Last Day in Delhi

Delhi is an overwhelming city. I took an auto-rickshaw ride home from the internet café the other night (an auto-rickshaw is a lot like a motorized tuk tuk in Thailand). The ride in an open vehicle on a hot night was a real treat – it felt like I was a kid again on my grandparents’ boat. In Delhi, there are these moments of enjoyment, but they are squished in between undrinkable water, food you always have to scrutinize, bad smells, traffic that doesn’t have to contain itself between sidewalks and about a zillion other people. That’s why I called the travel agency for touring help – I just couldn’t deal with it by myself but I wasn’t going to hide in the apartment.

Turns out my Korean friends were back in Delhi and even dropped by to try to find me, but I missed them. That is a real bummer. I think they knew where all the good stuff was in town, but even if they didn’t, we would have had a lot of fun trying to find it.

Instead I had a good day with the tour guide and Akaz. It turns out that driver Akaz is an Audi fan. He told me that’s his dream car. The owner of the agency had him drive a seven-liter engine car (I think that’s the A-8) with some guests and he was sold ever since, despite driving other lovely limo-style German sedans. We had a great time talking about driving and all the cars he’s used, and the vehicles we’ve driven. I have to find him something cool from Audi when I get home.

We went first to the Qutb Minar. This set of temples and tombs are a starting point because they are the oldest structure left of the capital city. Delhi has been built seven times over the centuries. Present day “Old Delhi” is the sixth city and “New Delhi” is the seventh. When the Muslim Mughals came and finally conquered the region, creating maybe the third or fourth city, the army needed a place to worship. They needed to create a mosque, but being soldiers and not architects, this was a challenge. Their general ordered them to use what was on hand, namely the Hindu temple columns, door porticos, sandstone, etc. They army promptly tore down the Hindu temples, removed any faces from the carvings (idolatry is a sin in Islam), and got to work. Consequently, the oldest mosque in Delhi is built with Hindu parts. At least some of the prior culture was preserved this way – otherwise it would probably all have been lost. It is neat to see the flowers and flourishes of Indian art incorporated into the work of the conquerors. Then there is the Qutb Minar itself: the 73m high, sandstone-carved faced, five story tower. It is 14.4 meters in diameter at the bottom and 2.7 meters at the top. It is *the* example of a minar (tower) used in all future building in India. It is believed to be the oldest minaret as well, with a counterpart in the Seville Giralda tower. Delhi marked the eastern limit of Islam in the thirteenth century. Koranic script is carved all over the tower’s fluted columns. All in all, pretty neat.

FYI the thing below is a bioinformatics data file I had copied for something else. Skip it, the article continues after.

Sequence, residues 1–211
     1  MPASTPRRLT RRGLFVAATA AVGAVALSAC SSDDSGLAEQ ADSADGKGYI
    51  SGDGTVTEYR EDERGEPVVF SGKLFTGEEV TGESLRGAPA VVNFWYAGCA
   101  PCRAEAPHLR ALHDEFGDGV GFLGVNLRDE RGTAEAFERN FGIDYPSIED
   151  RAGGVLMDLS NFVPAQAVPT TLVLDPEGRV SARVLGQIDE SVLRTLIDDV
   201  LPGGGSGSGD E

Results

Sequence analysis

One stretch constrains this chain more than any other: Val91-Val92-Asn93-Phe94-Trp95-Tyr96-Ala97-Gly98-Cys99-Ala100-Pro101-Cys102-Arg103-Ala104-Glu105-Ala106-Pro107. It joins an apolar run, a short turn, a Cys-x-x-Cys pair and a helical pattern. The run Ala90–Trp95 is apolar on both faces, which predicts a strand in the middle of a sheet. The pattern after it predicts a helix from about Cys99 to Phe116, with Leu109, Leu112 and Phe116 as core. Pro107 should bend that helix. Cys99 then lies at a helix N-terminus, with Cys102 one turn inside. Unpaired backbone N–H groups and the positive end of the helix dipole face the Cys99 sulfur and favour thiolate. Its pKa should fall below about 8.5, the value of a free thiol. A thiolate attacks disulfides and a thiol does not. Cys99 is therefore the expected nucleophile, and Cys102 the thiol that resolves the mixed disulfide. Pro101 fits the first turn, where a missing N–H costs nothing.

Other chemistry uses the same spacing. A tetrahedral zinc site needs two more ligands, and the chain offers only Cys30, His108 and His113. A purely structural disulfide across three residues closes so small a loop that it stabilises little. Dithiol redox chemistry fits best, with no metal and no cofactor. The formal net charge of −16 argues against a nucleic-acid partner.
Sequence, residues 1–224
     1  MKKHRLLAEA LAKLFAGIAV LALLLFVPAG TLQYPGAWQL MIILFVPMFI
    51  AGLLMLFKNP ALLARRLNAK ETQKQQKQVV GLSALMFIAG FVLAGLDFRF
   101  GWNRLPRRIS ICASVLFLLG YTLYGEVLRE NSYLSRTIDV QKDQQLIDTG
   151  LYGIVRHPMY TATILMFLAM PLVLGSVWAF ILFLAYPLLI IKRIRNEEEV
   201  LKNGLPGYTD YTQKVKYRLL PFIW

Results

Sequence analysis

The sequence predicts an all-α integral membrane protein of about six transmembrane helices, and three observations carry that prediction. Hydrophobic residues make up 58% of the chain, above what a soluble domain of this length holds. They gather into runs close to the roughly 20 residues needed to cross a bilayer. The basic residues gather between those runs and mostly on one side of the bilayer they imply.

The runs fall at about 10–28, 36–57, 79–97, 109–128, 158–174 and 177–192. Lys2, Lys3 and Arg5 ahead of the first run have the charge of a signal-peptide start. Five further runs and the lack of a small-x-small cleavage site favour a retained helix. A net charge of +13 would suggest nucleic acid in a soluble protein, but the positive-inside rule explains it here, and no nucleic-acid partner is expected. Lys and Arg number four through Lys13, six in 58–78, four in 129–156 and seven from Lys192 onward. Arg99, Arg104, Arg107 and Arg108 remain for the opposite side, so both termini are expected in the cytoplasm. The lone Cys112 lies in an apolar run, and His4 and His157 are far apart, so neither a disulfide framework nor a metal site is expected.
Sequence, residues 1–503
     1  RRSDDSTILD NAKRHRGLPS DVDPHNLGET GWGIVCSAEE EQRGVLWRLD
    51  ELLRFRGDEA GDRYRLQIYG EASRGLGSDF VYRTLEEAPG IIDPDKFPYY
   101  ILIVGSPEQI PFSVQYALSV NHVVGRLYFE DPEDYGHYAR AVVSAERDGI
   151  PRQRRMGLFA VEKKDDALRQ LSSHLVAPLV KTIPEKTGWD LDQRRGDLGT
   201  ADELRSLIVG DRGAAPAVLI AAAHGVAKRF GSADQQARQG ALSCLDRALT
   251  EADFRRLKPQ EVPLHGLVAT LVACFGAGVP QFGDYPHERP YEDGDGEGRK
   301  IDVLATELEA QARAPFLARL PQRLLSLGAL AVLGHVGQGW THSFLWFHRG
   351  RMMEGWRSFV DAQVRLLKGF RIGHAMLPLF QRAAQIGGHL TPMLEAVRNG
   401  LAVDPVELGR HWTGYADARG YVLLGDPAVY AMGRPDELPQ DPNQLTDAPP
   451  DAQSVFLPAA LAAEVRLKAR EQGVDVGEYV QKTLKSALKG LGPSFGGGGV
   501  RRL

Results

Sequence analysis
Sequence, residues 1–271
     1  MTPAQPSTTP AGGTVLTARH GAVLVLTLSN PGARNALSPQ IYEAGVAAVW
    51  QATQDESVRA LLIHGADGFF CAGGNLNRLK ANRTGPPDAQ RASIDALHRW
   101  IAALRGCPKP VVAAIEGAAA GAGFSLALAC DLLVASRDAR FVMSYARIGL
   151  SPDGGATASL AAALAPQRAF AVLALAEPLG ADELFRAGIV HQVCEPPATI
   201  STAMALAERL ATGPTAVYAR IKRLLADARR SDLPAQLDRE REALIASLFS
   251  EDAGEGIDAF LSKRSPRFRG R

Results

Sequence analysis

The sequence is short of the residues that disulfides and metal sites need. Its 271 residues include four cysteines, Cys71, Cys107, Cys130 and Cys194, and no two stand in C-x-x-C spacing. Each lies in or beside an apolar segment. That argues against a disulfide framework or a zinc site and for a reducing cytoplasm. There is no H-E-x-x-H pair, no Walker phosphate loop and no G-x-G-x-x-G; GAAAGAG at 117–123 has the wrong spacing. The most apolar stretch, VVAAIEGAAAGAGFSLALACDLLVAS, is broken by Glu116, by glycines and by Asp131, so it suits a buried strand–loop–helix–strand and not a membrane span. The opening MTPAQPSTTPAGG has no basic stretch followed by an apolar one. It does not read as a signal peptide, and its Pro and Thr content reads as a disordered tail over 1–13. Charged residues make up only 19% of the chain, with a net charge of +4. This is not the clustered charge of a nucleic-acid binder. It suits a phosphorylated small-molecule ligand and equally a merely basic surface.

After that, we went to a new temple that has been built in the shape of a lotus flower and is very pretty. It’s modern and built by a sect of humanists that allow everyone to pray there, quietly, to whomever they should wish.

From there, well, we saw a bunch more tombs and the Jama Masjid mosque: commissioned by the Mughal Emperor Shah Jahan and finished in the year 1656 AD. It is the largest and best-known mosque in India. Shah Jahan is the same emperor who built the Taj Mahal and later moved his capitol to Delhi. We drove a few minutes to New Delhi and saw the new(ish) capitol building, created by the British Empire, now the home of the Indian President. Then we stopped to mail some postcards, and have some street food for lunch. Yeah, it was a risky choice, but darn those samosas were good. Later, for a couple of hours, I regretted my decision. My stomach was basically okay in Delhi until then, probably due to my vigilance and Guday’s good cooking. Ah well. I chewed a couple of Pepto tablets and kept going. In Old Delhi we went on a bicycle rickshaw ride – the streets are too narrow for cars. That was very cool. The old city was home to a warren of electrical cables – a fire waiting to happen – and tons of shops, food, and people. It is one HUGE market. It looked like they had everything you could ever want in there except infrastructure. Our last stop was Ghandi’s tomb, a lovely place that was by the riverside – well, until the river moved a few decades back. Finally, I went back home to the South Extension, cleaned up, packed, ate a very light supper and headed to the airport. As expected, that was a mess, but it was over with soon enough and I was on my way to Amsterdam for the next layover.

My overall impressions of India:
-The people are good-hearted, warm, welcoming and inquisitive. Regular folks doing their job have enough integrity to want to return your passport.
-Indians love their children tremendously, they are proud of their country with some caveats, and they like good food.
-The entire place desperately needs a working sewage pipe works and water treatment facilities. A national ad campaign against litter might not be a bad idea either.
-The airport security people should consider working on their logic skills. Maybe we could start with brain teaser puzzles in the break room?
-Past monuments and buildings are well-respected, and very much worth seeing.
-The tourism department got it exactly right when they came up with “Incredible India” for a slogan.

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